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Geographies of the Holocaust (Hardback)Anne Kelly Knowles (editor), Tim Cole (editor), Alberto Giordano (editor), Waitman W. Beorn (author of contributions), Simone Gigliotti (author of contributions), Chester Harvey (author of contributions), Anna Holian (author of contributions), Paul B. Jaskot (author of contributions), Marc J. Masurovsky (author of contributions), Erik Steiner (author of contributions)
This book explores the geographies of the Holocaust at every scale of human experience, from the European continent to the experiences of individual human bodies. Built on six innovative case studies, it brings together historians and geographers to interrogate the places and spaces of the genocide. The cases encompass the landscapes of particular places (the killing zones in the East, deportations from sites in Italy, the camps of Auschwitz, the ghettos of Budapest) and the intimate spaces of bodies on evacuation marches. Geographies of the Holocaust puts forward models and a research agenda for different ways of visualizing and thinking about the Holocaust by examining the spaces and places where it was enacted and experienced.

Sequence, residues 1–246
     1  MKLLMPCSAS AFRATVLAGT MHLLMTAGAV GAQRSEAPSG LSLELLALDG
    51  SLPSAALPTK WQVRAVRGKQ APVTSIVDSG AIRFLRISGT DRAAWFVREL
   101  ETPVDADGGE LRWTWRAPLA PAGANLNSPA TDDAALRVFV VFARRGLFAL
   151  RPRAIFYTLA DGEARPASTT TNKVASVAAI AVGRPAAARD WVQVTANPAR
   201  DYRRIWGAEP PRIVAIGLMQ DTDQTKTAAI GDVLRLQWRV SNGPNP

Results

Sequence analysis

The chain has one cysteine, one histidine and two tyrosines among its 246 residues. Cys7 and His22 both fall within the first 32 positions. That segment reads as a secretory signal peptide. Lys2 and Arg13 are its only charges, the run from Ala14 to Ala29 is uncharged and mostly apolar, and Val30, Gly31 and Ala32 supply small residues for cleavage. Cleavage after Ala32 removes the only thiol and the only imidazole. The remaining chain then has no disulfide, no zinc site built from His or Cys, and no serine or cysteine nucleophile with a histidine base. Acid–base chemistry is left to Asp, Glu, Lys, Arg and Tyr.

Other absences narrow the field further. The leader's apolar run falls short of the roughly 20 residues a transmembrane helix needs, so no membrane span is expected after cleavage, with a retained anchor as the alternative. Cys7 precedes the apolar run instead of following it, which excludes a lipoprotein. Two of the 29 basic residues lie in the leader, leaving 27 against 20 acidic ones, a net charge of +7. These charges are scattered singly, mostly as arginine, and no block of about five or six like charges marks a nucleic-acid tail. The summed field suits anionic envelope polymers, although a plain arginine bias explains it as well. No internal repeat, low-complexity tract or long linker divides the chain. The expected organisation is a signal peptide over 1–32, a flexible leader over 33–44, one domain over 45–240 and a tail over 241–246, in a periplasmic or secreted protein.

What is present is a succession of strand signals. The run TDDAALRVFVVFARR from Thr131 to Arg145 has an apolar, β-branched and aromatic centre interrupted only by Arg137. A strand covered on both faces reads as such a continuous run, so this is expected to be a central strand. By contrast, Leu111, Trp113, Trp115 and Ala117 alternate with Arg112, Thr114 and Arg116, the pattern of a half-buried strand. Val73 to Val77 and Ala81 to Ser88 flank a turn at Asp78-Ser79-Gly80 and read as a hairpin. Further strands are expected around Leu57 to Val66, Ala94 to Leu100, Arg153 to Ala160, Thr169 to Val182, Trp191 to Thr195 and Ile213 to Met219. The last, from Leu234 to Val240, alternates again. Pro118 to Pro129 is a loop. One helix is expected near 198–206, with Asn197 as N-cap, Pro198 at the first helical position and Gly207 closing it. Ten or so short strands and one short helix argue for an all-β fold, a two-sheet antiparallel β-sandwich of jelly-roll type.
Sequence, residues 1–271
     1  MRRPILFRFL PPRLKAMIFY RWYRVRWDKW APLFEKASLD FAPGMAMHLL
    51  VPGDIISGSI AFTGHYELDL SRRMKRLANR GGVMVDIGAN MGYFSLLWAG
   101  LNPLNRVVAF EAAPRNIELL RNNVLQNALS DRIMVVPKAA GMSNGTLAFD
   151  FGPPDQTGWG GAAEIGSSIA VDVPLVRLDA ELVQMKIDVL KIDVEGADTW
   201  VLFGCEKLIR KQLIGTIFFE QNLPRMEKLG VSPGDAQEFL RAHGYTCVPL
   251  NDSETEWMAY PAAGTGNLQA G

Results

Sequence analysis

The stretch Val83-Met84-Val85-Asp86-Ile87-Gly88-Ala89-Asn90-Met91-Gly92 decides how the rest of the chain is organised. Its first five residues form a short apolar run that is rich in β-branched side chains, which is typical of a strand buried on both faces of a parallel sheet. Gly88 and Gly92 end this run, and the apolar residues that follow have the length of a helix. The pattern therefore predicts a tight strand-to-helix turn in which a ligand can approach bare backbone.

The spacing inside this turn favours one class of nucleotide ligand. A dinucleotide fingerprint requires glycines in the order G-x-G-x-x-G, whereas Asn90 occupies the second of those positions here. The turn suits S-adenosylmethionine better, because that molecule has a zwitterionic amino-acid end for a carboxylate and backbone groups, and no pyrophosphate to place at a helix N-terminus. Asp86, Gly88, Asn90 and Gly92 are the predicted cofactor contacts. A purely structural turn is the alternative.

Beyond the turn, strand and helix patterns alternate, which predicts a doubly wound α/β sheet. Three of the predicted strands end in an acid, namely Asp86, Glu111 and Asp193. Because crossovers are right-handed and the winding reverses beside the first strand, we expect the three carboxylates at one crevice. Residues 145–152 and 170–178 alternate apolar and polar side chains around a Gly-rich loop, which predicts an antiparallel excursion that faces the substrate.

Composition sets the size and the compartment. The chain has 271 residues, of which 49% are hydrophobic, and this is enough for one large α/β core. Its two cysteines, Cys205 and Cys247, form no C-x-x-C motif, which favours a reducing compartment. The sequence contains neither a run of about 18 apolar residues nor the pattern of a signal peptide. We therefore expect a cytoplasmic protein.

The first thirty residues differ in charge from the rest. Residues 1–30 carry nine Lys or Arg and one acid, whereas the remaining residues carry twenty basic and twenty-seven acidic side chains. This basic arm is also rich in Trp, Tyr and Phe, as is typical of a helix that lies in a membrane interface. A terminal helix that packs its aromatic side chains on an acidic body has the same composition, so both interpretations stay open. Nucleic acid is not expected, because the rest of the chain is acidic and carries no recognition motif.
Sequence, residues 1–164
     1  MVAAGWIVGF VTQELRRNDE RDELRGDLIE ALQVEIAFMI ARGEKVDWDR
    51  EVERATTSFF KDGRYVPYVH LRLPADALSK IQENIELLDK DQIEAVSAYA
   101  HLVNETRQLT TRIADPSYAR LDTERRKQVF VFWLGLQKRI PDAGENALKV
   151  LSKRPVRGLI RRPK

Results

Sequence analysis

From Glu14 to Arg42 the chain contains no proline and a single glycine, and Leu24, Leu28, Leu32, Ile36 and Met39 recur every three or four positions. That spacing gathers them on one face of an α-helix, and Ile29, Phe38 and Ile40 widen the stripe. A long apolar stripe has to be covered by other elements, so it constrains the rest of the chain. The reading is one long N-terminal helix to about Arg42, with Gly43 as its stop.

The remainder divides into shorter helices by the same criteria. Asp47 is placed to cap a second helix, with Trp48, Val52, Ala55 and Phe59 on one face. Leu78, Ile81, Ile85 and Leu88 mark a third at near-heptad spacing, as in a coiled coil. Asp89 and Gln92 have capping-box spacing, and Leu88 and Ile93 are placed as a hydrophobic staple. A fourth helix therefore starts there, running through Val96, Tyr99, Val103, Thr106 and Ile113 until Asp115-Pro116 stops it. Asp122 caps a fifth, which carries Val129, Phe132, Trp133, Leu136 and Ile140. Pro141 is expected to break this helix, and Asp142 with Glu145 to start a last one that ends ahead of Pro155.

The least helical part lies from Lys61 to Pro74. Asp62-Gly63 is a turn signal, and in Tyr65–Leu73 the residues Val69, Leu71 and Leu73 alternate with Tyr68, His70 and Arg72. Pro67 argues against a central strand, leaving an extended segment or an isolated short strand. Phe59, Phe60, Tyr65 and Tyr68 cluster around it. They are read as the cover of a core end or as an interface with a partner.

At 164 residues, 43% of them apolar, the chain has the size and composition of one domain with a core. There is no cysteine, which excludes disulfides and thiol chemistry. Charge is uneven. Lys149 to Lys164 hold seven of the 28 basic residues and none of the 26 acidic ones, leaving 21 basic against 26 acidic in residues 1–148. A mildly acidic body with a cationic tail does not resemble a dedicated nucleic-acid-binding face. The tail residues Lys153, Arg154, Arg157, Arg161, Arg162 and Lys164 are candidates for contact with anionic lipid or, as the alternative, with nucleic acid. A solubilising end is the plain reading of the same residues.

Publisher: Indiana University Press
Number of pages: 260
Weight: 1429 g
Dimensions: 254 x 229 mm
Built on six innovative case studies, this book explores the geographies of the Holocaust at every scale of human experience, from the European continent to the experiences of individual human bodies, in order to put forward different ways of visualizing and thinking about the Holocaust.
Geographies of the Holocaust is an excellent collection of scholarship and a model of interdisciplinary collaboration. It brings together the humanistic traditions of the social sciences and humanities emphasizing the experiential aspects of events with cutting-edge technological advances in geovisualization and spatial analysis to seek out broader patterns, structures, and tendencies. The volume makes a timely contribution to the ongoing emergence of the spatial humanities and will undoubtedly advance scholarly and popular understandings of the Holocaust.
Both students and researchers will find this work to be immensely informative and innovative. . . . Essential.
Geographies of the Holocaust is an important work. It is surprisingly inexpensive for the quality of the production (comparable to an art book) and could be required reading in any number of courses on political geography, GIS, critical theory, biopolitics, genocide, and so forth.
[A] superb [example] of how scholars can use GIS to better understand the past.
Geographies of the Holocaust defies the usual expectation that an edited volume will contain chapters of uneven quality—all its chapters are methodologically sound, engagingly illustrated, and open new pathways forward in conceptualizing the spatiality of the Holocaust.
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